Does your library or membership group really need a strategic plan? After all, the term strategic plan does sound a bit grand and rather corporate. Aren't strategic plans just for big banks and law firms?
I've worked at both a major corporation (Manpower) and in small enterprises. Some of my employers had clear strategic plans, others had some sort of plan, and a few had no plan at all. Based on my observations, I'd say that all these organizations, no matter the size, would have benefited from a good, regularly updated strategic plan.
A Big, Bold Statement
So, what is a strategic plan? First, it is distinct from a business plan. A business plan is a detailed description of the services, customers and objectives of a business, business unit or other group. It is heavy on financial data and other numeric details and is based on moving from the current situation to some future state. A business plan focuses on how the resources available to the organization are going to be managed to get you there.
A strategic plan, on the other hand, is both shorter and broader in scope than a business plan. It starts off by looking at a desired future state, irrespective of where you are now. Following are a few definitions of strategic planning that I came across while conducting research for this article:
"... planning for growth" www.businesslink.com "... defining direction" Wikipedia "... key decisions that need to be made in order to thrive" www.simply-strategic-planning.com "... organizing the present on the basis of projections of a desired future" SLA Strategic Planning Handbook "... envisioning a desired future" www.businessdictionary.com
I particularly like the last of these as a place to start. A strategy is a big, bold statement--it says what your organization is all about, what it's for, who it's for, and where it's going. The planning part has to do with how to move toward your vision or ultimate goal.
The leading guru of corporate strategic planning is Henry Mintzberg, a professor of management studies at McGill University in Montreal. In one of his seminal works (Mintzberg 1994), he made the point that strategic planning can get too formalized, with the emphasis on planning instead of on thinking. He advocates adopting a broad vision that can and does adapt to changing environments.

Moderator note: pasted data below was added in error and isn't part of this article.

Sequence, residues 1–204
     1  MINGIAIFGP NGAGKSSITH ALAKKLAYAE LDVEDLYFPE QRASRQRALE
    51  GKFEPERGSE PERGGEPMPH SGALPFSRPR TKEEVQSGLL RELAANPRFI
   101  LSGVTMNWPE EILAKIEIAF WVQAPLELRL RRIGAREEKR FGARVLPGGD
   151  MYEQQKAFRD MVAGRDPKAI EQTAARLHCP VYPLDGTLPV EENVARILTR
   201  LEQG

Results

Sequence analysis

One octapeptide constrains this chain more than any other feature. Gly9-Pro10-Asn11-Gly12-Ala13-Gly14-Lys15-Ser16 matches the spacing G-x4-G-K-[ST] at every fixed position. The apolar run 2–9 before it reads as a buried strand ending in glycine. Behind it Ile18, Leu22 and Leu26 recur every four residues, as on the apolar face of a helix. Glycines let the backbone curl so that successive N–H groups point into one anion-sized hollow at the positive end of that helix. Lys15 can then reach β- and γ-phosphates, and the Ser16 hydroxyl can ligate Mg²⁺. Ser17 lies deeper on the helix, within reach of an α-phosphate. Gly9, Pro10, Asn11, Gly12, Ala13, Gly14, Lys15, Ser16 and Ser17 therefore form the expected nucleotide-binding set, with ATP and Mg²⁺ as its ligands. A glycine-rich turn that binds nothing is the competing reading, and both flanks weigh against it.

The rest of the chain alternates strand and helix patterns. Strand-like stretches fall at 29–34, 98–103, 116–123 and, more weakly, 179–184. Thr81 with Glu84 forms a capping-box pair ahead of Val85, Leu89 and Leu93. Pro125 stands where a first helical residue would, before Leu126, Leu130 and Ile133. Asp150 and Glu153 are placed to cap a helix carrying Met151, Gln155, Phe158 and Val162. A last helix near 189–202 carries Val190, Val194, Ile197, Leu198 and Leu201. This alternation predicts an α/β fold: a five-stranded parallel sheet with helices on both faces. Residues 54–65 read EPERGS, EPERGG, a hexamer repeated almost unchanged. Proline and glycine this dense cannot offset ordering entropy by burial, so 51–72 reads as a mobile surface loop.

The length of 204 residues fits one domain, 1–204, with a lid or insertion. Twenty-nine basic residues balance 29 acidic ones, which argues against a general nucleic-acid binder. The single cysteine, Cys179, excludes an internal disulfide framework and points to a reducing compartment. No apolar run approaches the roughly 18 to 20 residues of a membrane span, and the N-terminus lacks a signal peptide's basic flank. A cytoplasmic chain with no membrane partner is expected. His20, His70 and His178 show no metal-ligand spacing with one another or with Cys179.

If you read some management text-books and articles, you will soon notice that there are many methods and models you can use to "do" strategic planning: goal-based, issue-based, scenario planning, the organic model, the driver's model, and so on. If you look closely, however, you'll notice they tend to have the same elements in common. Some contain them all, some pick and mix, some are more formalized, but there are more similarities than differences among them. For simplicity's sake, I'll try and synthesize them into one description.
To create a vision for your organization--that is, to envision a desired future for it--you need two things. First, you need to have a clear picture of the organization's mission and values. What does the organization stand for, and what does it believe in? Second, you need an appreciation of the external environment. What is going on around the organization, and what are the key trends that will affect it over the next few years?
Creating a Strategic Vision
What does a strategic vision look like? It is a short statement (only a paragraph or two) that sets out where the leaders and/or managers envision the organization being in a few years' time. A strategic vision for a library association might look like this:
In 3-4 years' time, AnyGroup will have a membership of [number of members] drawn from across the [geographic region] area, and a membership income of [monetary amount]. It will be offering online education programs, a virtual and physical seminar and conference program, networking events, and learning resources to support continuing professional development of its members. …